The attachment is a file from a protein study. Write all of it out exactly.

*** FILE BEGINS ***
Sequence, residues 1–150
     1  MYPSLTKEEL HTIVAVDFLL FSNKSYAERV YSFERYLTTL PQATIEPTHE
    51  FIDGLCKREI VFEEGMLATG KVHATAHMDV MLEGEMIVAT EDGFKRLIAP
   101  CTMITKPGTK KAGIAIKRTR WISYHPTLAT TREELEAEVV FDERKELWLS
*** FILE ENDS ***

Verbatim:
Sequence, residues 1–150
     1  MYPSLTKEEL HTIVAVDFLL FSNKSYAERV YSFERYLTTL PQATIEPTHE
    51  FIDGLCKREI VFEEGMLATG KVHATAHMDV MLEGEMIVAT EDGFKRLIAP
   101  CTMITKPGTK KAGIAIKRTR WISYHPTLAT TREELEAEVV FDERKELWLS